Xamin and the Couch Braunsdorf Insurance Group recently came together to discuss the convergence of cyber insurance and cybersecurity. In a webinar, we examined the cost of a data breach, today’s cyber insurance landscape, and how a proactive approach to your cyber insurance policy can help build a better security foundation.
Below are the highlights from our conversation. If you’re a business owner or leader, we encourage you to view the full webinar here, which includes more examples of tested cybersecurity controls and the ins and outs of insurance claims.
The cost of a data breach
Reaching an all-time high, the cost of a data breach averaged USD 4.35 million in 2022. This figure represents a 2.6% increase from last year, when the average cost of a breach was USD 4.24 million. The most costly country for a data breach? The United States—for the 12th year in a row.
Targets of data breaches tend to be organizations who hold valuable client data and are highly regulated and reputation sensitive. Healthcare has been the highest cost industry for 12 years in a row, with the average data breach costing $10.10 million USD in 2022.
The three primary ways in which attackers access an organization are stolen credentials, phishing, and exploitation of vulnerabilities. Use of stolen or compromised credentials remains the most common cause of a data breach (19%) and takes the longest to recover from—but phishing tends to be the costliest.
Understanding the importance of cyber insurance
Because of the heightened risk, any business that deals with sensitive information—including credit card numbers, medical information, social security numbers, or any other personal information—should have cyber insurance in order to protect customer information, industry relations, and business reputation.
However, the concept of cyber insurance is both relatively new and ever-evolving, and many business owners—especially small business owners—might see the cost as unnecessary. Although, small businesses may not have the resources to invest heavily in cybersecurity, they are not immune to cyber threats. In fact, small businesses are often targeted precisely because they are perceived as easier targets with lower security and more to lose, thus making them more open to negotiation with those holding their data for ransom.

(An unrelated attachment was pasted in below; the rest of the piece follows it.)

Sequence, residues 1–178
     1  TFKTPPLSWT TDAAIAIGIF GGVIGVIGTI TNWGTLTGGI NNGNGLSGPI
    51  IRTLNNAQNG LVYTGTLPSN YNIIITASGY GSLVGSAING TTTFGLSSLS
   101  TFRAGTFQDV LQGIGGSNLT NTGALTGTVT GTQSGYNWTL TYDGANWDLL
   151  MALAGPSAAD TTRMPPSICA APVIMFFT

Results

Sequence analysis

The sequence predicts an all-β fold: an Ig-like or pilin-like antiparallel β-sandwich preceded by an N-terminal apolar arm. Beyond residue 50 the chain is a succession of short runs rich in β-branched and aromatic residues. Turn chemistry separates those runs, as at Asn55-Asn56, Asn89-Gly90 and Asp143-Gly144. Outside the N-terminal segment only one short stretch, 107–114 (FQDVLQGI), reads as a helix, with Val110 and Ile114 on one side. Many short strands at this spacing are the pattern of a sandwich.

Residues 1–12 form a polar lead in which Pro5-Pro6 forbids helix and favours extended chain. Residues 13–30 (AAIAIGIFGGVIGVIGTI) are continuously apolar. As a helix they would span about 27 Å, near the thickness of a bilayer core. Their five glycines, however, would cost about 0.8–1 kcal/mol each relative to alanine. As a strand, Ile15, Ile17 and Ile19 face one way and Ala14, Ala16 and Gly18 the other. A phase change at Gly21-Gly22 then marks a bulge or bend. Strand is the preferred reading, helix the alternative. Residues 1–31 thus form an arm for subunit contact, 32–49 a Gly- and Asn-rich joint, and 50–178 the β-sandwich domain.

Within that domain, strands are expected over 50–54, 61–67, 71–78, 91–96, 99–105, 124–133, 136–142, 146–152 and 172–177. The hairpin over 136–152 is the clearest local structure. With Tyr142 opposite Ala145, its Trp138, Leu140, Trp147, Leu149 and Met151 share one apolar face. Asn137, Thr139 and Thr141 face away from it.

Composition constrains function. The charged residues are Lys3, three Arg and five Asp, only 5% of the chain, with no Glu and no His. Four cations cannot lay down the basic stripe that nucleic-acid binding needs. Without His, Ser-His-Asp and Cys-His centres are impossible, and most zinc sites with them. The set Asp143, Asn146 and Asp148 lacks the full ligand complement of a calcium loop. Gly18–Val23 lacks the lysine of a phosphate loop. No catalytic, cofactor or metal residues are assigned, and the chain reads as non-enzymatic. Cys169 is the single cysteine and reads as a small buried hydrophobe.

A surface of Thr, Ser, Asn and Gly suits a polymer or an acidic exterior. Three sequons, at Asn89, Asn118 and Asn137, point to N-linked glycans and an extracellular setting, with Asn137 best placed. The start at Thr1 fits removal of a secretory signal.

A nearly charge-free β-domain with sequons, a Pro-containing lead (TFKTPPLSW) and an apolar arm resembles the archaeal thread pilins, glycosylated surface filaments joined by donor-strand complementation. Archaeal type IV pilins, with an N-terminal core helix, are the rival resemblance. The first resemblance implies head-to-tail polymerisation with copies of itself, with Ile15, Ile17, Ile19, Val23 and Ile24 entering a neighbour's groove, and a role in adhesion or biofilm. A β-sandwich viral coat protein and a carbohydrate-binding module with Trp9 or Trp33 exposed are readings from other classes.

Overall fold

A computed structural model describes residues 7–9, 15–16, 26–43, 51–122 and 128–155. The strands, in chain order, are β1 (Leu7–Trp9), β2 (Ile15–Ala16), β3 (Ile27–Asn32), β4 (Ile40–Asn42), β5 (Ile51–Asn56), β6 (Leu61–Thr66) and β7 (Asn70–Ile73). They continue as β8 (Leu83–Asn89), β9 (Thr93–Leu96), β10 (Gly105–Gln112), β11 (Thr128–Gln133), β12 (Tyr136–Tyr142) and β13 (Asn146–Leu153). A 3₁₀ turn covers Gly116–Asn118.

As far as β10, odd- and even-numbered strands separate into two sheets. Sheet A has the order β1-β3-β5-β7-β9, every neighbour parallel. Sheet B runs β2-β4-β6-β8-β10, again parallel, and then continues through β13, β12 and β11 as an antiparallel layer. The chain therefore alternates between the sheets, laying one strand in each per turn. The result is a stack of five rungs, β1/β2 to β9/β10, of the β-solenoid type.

In the case of a cyber attack, cyber insurance will help to recoup losses, pay for investigations, and cover legal costs. With those costs mitigated, having cyber insurance gives you the resources to get your organization back in business following a cyber-attack.
Generally, a cyber insurance policy can include coverage for the following:
- Damage to your IT infrastructure as a direct result of a cybercrime, including:
- Payment of ransomware
- ID restoration and credit monitoring
- Data restoration
- PR expenses
- Legal expenses, including any incurred due to breach of contract with a client
- Business interruptions as the direct result of a breach
- Replacement hardware damaged by malware
If you are currently covered under a cyber insurance policy, you should look closely at how cybersecurity threats are assessed in your plan. Employees can often be the cause of breaches, and some policies might not cover accidental actions caused by falling for social engineering attacks like convincing phishing emails. Additionally, if there is a large breach that affects many people from many different industries, some insurance policies will deny coverage as they only cover targeted attacks where your organization was specifically sought out for a breach.
The impact of cyber insurance on cybersecurity
Only one thing helps decrease the cost of cyber insurance: stronger cybersecurity. Even as the cost of cybersecurity has continued to mount, many carriers have decreased what their policies will cover—and been more selective about the risks they’re willing to take on by creating stricter criteria for those who want to sign up for coverage.
With greater barriers to entry, organizations who understand the risk but do not yet have strong cybersecurity systems are being turned away for coverage. And with limited resources, small businesses need to be strategic about where they invest in cybersecurity.
But as businesses grapple with the escalating financial and reputational costs of cyber attacks, the insurance market has transformed into a powerful catalyst for change, encouraging businesses to embrace the following tactics:
- Heightened sense of awareness
- Framework for industry best practices
- Better response planning
- Thorough third-party vendor assessments
- Emphasis on continuous improvement
By providing organizations with financial protection against cyber threats and incentivizing proactive security measures, the rise of cyber insurance has encouraged businesses to invest more in safeguarding their digital assets. As cyber threats continue to evolve, the synergy between cyber insurance and cybersecurity will remain a critical aspect of modern risk management, emphasizing the need for constant adaptation and improvement in both realms to stay ahead of the ever-changing threat landscape.